Ninigret Park seen as key asset in Charlestown’s economical growth

Ninigret Park seen as key asset in Charlestown’s economical growth


CHARLESTOWN — Concerts, an artists’ co-op, and even a film festival could be in Charlestown’s immediate future, and Economic Improvement Commission Chairman Frank Glista says he can’t wait to welcome all three.

Glista, a building contractor who describes himself as semi-retired, was born in Charlestown and still lives there. His grandfather built the town’s first motel in 1949, before Route 1 was built. He talks about how the town has changed, from a rural, blue collar town to a community that now has a sizable population of well-heeled seasonal residents.

“They have a lot of influence on some of the people that are elected, and I think that’s unfortunate. The town needs to grow,” he said.

In an effort to come up with a consensus on a long term vision for one of the town’s main assets, Ninigret Park, the Town Council has allocated $15,000 to the Parks and Recreation Commission to explore possible uses of the property. Council President Thomas Gentz said he was expecting a final report early next year.

“They’re in the process of doing that, and I’ll look forward to that report when it comes to the council,” he said. “We need to listen very carefully to what the residents of the town have to say when that report comes back and take our lead from the people in town.”

In addition to organizing a series of forums for small businesses, the most recent of which took place on Oct. 17, Glista hopes to attract large musical events to the park — much bigger than the town’s successful Rhythm and Roots festival.

At the Oct. 7 Town Council meeting, over the objections of several neighboring landowners, veteran Rhode Island concert promoter Frank J. Russo received initial approval to see whether any major recording artists would be interested in performing at Ninigret Park next summer.

Russo said if he could attract a big name act to Ninigret, he envisioned a kind of music festival featuring several acts over a single day or weekend, attracting up to 15,000 people. He also asked the council to approve 2,000 camping spaces. The council reduced that number to 1,500 before they voted on the proposal.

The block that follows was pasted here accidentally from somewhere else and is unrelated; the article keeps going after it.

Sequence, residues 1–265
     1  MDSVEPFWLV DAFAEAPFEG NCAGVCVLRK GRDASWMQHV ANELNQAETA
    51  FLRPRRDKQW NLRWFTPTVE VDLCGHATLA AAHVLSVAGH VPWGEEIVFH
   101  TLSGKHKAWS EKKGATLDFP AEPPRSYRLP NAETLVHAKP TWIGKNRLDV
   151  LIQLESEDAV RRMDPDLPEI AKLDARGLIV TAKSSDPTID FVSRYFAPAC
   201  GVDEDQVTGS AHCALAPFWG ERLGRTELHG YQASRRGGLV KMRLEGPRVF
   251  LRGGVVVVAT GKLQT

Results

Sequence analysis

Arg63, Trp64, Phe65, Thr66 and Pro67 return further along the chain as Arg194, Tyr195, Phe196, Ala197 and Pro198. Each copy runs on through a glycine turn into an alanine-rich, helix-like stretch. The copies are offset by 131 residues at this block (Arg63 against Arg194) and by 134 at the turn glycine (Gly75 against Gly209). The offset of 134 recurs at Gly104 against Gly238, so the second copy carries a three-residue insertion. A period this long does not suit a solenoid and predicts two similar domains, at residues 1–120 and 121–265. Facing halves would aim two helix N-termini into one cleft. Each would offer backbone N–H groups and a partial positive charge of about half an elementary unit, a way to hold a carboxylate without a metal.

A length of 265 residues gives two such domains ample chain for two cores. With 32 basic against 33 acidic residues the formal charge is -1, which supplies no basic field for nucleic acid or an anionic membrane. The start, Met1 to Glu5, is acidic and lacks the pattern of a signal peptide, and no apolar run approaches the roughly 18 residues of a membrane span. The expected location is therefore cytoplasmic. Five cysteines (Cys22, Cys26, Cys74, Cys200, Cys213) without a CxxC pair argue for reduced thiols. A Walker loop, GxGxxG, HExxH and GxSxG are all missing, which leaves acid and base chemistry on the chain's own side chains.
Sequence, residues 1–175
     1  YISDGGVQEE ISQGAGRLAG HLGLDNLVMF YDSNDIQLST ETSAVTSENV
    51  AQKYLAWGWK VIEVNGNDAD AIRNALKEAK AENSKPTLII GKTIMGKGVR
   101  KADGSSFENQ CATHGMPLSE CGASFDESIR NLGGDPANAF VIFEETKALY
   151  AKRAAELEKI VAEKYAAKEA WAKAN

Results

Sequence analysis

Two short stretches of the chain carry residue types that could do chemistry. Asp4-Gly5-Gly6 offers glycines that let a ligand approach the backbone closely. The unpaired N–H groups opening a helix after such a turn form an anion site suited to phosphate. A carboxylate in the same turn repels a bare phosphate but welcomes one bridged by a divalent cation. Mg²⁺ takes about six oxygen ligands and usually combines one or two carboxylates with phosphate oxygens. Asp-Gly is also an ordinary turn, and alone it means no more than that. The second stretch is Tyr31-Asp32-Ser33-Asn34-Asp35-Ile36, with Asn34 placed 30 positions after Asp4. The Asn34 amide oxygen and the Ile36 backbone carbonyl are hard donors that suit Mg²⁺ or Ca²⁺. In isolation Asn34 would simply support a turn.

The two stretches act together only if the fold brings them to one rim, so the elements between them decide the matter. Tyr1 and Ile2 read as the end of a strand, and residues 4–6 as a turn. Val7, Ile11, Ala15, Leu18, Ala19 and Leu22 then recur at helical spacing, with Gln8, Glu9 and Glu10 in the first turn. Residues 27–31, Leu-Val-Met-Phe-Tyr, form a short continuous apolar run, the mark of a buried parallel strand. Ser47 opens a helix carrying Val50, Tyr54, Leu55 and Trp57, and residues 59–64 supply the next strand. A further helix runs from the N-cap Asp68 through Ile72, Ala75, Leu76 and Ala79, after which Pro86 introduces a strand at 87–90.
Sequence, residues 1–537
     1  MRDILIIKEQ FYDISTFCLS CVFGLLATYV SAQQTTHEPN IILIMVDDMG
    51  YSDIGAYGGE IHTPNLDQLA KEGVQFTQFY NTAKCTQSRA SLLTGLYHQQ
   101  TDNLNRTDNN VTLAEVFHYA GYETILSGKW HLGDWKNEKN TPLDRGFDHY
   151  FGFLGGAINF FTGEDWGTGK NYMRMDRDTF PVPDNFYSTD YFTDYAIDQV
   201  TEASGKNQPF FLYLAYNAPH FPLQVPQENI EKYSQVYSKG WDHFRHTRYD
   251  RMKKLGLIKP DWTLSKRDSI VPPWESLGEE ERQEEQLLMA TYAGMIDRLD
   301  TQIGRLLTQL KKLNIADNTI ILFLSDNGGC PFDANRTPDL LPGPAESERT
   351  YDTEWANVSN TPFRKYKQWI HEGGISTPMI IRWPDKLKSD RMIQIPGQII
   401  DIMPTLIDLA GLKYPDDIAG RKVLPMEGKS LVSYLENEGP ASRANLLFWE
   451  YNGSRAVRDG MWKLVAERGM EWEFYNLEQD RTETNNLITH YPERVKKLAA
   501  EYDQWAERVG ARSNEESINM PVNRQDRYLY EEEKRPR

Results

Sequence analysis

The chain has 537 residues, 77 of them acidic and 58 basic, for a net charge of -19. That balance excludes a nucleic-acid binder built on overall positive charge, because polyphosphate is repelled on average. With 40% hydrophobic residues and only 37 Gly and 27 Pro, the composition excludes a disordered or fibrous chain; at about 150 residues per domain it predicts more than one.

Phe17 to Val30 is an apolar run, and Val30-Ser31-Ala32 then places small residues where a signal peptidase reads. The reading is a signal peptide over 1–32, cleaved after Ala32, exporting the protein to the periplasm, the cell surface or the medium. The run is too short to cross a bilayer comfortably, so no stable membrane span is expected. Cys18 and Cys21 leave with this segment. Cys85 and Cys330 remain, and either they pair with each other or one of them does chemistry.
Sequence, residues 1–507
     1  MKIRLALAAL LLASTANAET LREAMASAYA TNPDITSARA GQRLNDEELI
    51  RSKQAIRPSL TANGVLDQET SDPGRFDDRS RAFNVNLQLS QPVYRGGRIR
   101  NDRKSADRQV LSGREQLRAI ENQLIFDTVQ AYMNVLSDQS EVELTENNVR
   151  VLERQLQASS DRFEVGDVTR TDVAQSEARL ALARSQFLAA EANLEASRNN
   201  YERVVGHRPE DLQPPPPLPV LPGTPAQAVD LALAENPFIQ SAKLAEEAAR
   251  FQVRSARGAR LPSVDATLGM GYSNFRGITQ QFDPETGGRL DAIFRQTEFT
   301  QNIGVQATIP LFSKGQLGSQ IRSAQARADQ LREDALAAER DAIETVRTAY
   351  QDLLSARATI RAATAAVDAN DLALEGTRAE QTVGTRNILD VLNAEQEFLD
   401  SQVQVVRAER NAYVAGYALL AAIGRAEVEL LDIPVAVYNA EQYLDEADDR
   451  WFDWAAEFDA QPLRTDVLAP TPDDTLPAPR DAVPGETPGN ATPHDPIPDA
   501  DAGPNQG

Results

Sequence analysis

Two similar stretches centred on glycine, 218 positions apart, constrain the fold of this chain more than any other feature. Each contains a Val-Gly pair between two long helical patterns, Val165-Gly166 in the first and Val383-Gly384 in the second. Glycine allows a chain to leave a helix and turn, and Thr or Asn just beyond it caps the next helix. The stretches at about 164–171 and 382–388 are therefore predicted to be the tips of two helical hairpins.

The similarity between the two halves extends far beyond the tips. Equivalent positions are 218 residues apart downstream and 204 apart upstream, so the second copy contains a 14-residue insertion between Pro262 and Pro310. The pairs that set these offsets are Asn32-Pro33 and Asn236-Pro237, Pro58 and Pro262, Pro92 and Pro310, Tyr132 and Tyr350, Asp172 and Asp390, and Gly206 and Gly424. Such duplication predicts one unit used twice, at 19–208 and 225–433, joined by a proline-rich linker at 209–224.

“We’re very hopeful that he’ll come back to the town with an artist that wants to perform here,” Glista said. “If he does, then the council and the police department and everybody can work out the logistical issues that are concerned and we can move on. And if it doesn’t work for the town, next year, we can just pass on it.”

Another event that Glista would like to see at Ninigret Park is a film festival. He has met several times with Anne Mulhall, a Charlestown resident and the owner of LDI Casting, which has cast actors in many feature films and television series. Mulhall said the festival, which she hopes to bring to the park as early as next summer, would be an outdoor event with a very casual atmosphere.

“People come in their shorts, they bring their own food and they have a picnic and watch a movie — similar to Rhythm and Roots only with movies. Just very casual, nothing fancy or fussy about it,” she said.

Mulhall said she would start small the first year, and if it’s successful, she would like to expand the event.

“My dream is to have four or five tents on that big piece of land, and each tent is geared toward a certain genre,” she said. “It’s something a little different, it’s something they’re not currently offering. They do offer movie nights, but this is a little bit more formal, while being casual at the same time. It could be a little bit more on the cultural side if we wanted it to be.”

Glista said, “Anything that happens at Ninigret Park we feel is a benefit to our business community. The EIC has always felt that Ninigret Park is the future economic engine that will drive our town.”

The commission is also focusing its attention on the Cross’ Mills district, where it hopes to convert the old firehouse into an artists’ co-op, and land there into a village-green type of park.

Glista, who has been working since 2006 to bring the concept to fruition, said it would help attract tourists to the area in the off season. “What can we bring to our town to keep the tourists here? Tourism is huge in Charlestown. It always has been,” he said.

Gentz, who with the rest of the council has sought to maintain a balance between encouraging growth and preserving Charlestown’s rural flavor, said the council could consider all proposals but approve only those that would be in the best interest of the town.

“We’re going to read each proposal as it comes forth,” he said.

Support Quality Local Journalism

Latest Videos